By Mary Cunningham
Perhaps lost in all the hoo-hah about the Phillies trade of Jimmy Rollins to the Dodgers and what it represents as a benchmark of the end of the team’s era of excellence is:
How vital Rollins has been to the elevation of the team from also-ran to MLB elite.
He was the leadoff hitter and Gold Glove defender. He radiated a confidence that infected the entire clubhouse. He was a red-light player, at his best when it mattered most. Before heading to the Dodgers in a trade completed on Friday, he became the best shortstop in Phillies history and the all-time hits leader (2,306) for a club that has been around for more than 130 years.
The numbers are impressive. There were 216 homers, 479 doubles, 111 triples and 453 stolen bases accumulated over 15 years.
There are individual moments that became instant parts of franchise lore.
Rollins made a terrific stop on a grounder by the Nationals’ Ryan Zimmerman and started a game-ending double play that clinched the division. The Phillies went on to win just the second World Series title in their history.
In Game 4 of the 2009 National League Championship Series against the Dodgers his bottom-of-the-ninth, two-out double off Dodgers closer Jonathan Broxton drove in the tying and winning runs to lift the Phils to a 5-4 win. The next night they punched their ticket for a second straight trip to the Fall Classic.
But his enduring legacy remains an intangible, the challenge to himself and his teammates that he voiced going into the 2007 season.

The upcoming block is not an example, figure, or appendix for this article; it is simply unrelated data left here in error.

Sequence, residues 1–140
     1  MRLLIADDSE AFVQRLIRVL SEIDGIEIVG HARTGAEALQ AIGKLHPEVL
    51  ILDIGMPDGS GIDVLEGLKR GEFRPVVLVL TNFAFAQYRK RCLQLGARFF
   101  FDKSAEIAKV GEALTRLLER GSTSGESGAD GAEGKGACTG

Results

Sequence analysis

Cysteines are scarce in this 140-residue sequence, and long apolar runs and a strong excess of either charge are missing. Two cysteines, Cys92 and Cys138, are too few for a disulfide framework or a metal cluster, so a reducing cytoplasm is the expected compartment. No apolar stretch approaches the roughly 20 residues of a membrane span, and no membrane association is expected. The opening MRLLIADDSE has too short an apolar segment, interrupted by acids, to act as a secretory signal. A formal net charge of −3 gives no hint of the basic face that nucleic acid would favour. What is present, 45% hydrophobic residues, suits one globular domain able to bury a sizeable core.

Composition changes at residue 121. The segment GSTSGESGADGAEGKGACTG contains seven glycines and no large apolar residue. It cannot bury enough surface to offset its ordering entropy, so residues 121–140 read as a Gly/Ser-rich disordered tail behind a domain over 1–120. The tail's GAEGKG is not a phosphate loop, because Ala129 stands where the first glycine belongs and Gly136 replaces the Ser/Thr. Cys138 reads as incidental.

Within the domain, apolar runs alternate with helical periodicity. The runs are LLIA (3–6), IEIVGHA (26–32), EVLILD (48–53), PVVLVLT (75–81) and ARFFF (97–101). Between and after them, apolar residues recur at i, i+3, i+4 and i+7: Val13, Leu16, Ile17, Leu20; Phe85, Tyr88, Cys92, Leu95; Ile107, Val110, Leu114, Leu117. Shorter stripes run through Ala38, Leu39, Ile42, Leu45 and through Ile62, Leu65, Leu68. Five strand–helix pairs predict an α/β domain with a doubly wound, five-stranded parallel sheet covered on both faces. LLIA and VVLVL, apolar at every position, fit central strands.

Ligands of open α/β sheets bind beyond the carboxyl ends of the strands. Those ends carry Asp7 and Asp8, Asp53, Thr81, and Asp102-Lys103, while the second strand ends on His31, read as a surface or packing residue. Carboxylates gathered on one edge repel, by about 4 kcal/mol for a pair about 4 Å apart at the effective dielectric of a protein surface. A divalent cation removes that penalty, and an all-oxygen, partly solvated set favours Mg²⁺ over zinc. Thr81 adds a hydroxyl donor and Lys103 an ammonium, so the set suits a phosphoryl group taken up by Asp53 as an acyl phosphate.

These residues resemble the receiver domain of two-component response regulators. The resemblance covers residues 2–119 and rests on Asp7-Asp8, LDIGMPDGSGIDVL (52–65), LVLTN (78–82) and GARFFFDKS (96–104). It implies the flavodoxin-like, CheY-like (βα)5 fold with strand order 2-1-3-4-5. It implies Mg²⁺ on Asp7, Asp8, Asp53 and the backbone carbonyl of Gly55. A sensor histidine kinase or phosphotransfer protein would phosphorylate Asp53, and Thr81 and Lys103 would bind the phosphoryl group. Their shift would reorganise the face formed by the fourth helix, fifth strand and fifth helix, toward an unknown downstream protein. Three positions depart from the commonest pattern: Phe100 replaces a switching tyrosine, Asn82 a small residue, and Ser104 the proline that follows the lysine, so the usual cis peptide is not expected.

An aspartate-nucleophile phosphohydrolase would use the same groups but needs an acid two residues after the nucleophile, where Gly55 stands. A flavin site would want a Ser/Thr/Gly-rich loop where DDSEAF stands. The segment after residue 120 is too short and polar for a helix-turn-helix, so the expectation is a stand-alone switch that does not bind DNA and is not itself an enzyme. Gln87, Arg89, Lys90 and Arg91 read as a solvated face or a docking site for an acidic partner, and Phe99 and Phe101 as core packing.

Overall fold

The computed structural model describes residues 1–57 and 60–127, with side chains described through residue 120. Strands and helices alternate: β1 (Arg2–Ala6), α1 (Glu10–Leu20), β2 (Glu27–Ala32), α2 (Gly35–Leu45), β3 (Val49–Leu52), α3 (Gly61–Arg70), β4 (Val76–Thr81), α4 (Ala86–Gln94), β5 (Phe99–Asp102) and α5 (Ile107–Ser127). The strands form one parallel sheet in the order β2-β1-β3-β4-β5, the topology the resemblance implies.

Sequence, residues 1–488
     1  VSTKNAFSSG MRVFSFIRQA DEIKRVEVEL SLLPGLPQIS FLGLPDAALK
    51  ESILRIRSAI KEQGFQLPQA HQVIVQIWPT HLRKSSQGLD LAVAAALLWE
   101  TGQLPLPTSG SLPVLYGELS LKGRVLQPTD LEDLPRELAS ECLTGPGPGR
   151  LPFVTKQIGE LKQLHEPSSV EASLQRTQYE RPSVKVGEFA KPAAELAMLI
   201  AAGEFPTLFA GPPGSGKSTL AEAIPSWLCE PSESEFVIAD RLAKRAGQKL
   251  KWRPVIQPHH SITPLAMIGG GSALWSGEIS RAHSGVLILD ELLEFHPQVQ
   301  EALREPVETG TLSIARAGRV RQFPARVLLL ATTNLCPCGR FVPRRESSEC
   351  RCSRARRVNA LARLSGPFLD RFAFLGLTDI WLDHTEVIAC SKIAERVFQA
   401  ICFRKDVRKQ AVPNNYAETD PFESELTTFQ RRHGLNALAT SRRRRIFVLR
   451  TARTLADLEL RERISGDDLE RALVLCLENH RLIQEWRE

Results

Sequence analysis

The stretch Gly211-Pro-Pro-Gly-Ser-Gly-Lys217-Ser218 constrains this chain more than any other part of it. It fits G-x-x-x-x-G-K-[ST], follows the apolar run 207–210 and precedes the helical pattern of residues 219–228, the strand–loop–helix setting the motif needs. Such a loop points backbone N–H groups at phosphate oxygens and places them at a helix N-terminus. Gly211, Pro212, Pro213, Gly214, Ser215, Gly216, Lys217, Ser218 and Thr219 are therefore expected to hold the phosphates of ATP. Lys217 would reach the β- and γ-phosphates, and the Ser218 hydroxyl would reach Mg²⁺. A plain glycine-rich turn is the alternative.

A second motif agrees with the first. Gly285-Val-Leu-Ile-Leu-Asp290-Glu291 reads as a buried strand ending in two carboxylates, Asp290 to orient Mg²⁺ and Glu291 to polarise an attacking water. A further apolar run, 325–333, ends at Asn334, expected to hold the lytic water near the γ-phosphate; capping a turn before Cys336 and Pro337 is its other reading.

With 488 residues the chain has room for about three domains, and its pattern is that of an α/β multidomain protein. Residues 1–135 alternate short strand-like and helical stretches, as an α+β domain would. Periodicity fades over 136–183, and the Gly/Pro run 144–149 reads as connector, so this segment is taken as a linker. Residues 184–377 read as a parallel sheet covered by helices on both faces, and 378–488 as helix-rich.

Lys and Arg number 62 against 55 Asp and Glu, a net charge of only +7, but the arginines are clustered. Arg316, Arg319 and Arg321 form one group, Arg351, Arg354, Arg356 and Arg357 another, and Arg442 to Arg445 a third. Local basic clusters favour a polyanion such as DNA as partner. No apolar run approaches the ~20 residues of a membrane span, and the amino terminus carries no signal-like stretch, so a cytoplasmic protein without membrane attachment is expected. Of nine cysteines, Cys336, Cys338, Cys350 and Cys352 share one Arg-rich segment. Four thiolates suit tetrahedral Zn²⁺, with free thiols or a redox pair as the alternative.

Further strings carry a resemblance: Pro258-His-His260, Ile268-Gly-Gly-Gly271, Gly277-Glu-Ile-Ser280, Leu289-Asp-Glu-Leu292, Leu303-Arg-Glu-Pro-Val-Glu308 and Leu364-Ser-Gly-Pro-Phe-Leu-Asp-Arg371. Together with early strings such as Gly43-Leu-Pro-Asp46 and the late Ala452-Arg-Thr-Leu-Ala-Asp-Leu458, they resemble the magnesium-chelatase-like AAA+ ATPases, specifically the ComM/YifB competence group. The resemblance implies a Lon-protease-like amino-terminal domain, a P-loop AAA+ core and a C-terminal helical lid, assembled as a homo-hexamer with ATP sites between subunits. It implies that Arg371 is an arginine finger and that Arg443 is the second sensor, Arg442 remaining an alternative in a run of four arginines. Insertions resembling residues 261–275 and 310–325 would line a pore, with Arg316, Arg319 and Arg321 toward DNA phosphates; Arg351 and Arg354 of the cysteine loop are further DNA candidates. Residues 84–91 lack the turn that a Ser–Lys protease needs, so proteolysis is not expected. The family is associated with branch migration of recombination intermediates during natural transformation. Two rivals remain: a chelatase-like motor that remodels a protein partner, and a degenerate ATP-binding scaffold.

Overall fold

At that point, the Phillies were beginning to develop a reputation as next year’s champions, forever coming up short. They finished second in 2004, ’05 and ’06, with an NL wild card slot eluding their grasp.
So his January answer to a standard question about how he viewed the Phillies’ chances that year got a lot of attention.
“The Mets had a chance to win the World Series last year. Last year is over. I think we are the team to beat in the NL East, finally. But, that’s only on paper,” he said, painting a target on his own back in the process.
The bravado was pure J-Roll. And it appeared to be misplaced when the Phillies trailed New York by seven games with 17 left to play. But the Mets began to fade and the Phillies came on strong, clinching the division on the final day of the regular season. And it wasn’t just that Rollins was right. It was that he helped make it happen. He became the first player in history with at least 200 hits, 20 triples, 30 home runs, and 30 stolen bases in a season. And he topped it off by being voted the National League’s Most Valuable Player.
That was foreshadowed when Bobby Abreu was dealt at the trade deadline a year earlier. At the time, then-general manager Pat Gillick said he didn’t expect the Phillies to contend for a couple of years. What happened instead was that it allowed some of the younger players, notably Rollins, to more openly exert their personality. After a 46-54 start the Phillies went 39-23 the rest of the way.
Rollins wasn’t always appreciated in his time. Fans and media griped that his on-base percentage wasn’t as high as a prototypical leadoff hitter. He didn’t always run out grounders and, in fact, was once benched for not hustling on a popup. Another time he was pulled from the lineup for showing up late to the park.
It seemed important at the time. The passing years have added balance. Along with wife Johari, he was active in charitable endeavors.
The Phillies started turning things around at the same time Rollins made it to the big leagues for good. That’s not a coincidence. He didn’t do it all by himself, although according to baseball-reference.com Rollins has the 10th-best WAR (wins above replacement) in team history. But it’s difficult to imagine the Phillies being nearly as good as they were without him, either.